(a) Sadly and unexpectedly, their daughterís marriage breaks down and she has to divide her assets. Previously she only had a bank account in her own name, but now her interest in the property will be considered.

(b) Their son has his own business, which gets into difficulty, and his creditors come looking for payment. His half of the house suddenly looks very appealing to those creditors.

(c) There is a family fall out and their daughter asks for her interest in the property to be paid to her.

(d) Worse still, the son or daughter dies before the parent.

All of a sudden, Mr. and Mrs. Weerasinghe realise that transferring their property to their children has jeopardised their security in their own home. There are many such instances of good intentions backfiring. The only way one can avoid such a possibility is to evaluate well, seek advice, act in good faith and free will, and without a selfish motive. See you this day next week. Until then, keep thinking, keep laughing. Life is mostly about these two actions.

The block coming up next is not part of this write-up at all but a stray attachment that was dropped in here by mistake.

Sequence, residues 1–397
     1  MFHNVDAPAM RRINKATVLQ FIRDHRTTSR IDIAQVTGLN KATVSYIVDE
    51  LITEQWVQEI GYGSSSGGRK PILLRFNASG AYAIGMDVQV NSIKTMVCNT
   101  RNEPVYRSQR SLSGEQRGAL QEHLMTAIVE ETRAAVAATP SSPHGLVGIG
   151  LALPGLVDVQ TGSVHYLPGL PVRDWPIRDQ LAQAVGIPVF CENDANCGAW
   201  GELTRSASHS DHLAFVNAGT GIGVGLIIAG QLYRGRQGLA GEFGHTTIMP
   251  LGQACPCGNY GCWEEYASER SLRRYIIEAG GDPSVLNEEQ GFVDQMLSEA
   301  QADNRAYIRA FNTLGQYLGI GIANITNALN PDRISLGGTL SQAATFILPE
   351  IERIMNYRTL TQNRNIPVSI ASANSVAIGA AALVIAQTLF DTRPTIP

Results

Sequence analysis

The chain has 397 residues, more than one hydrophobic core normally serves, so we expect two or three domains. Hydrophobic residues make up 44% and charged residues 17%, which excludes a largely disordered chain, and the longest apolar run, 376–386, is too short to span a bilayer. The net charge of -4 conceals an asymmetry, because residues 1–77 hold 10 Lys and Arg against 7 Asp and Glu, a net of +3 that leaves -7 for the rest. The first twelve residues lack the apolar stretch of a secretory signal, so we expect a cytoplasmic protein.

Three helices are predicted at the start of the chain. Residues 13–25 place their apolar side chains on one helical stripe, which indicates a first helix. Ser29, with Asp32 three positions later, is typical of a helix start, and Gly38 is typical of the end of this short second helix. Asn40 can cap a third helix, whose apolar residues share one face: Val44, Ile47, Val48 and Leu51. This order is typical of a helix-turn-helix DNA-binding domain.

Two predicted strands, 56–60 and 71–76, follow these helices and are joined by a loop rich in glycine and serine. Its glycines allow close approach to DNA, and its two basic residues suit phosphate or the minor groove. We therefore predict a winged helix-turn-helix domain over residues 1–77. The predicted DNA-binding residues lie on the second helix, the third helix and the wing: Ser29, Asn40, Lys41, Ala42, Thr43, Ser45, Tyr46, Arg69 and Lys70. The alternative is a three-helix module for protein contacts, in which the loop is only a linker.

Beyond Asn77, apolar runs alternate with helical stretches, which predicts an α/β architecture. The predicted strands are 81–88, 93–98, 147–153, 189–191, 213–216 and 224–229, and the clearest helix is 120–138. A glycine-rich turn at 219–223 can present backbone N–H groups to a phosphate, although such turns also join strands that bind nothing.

For views, reviews, encomiums and brick-bats : t_arjuna@yahoo.com
 

EMAIL |   PRINTABLE VIEW | FEEDBACK

www.army.lk
www.news.lk
www.defence.lk
Donate Now | defence.lk
www.apiwenuwenapi.co.uk
LANKAPUVATH - National News Agency of Sri Lanka
Telecommunications Regulatory Commission of Sri Lanka (TRCSL)
 

| News | Editorial | Finance | Features | Political | Security | Sports | Spectrum | Montage | Impact | World | Obituaries | Junior | Magazine |

 
 

Produced by Lake House Copyright © 2011 The Associated Newspapers of Ceylon Ltd.

Comments and suggestions to : Web Editor